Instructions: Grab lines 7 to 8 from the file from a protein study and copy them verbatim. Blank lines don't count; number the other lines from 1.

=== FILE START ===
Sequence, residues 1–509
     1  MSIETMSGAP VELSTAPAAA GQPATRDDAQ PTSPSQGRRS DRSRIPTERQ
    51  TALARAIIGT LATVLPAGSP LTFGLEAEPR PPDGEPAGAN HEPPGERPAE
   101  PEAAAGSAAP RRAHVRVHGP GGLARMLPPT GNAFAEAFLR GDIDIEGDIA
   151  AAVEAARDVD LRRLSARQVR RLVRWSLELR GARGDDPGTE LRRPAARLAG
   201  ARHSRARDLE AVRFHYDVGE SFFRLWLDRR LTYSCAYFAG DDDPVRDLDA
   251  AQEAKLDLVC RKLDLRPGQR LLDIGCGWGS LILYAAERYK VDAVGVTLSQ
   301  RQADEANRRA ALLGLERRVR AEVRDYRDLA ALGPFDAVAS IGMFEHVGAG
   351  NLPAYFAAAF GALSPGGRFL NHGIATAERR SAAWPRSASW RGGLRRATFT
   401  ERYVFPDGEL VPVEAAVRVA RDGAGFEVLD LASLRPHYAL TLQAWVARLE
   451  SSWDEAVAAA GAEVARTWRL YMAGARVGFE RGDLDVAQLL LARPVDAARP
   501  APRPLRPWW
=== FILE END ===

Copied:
   251  AQEAKLDLVC RKLDLRPGQR LLDIGCGWGS LILYAAERYK VDAVGVTLSQ
   301  RQADEANRRA ALLGLERRVR AEVRDYRDLA ALGPFDAVAS IGMFEHVGAG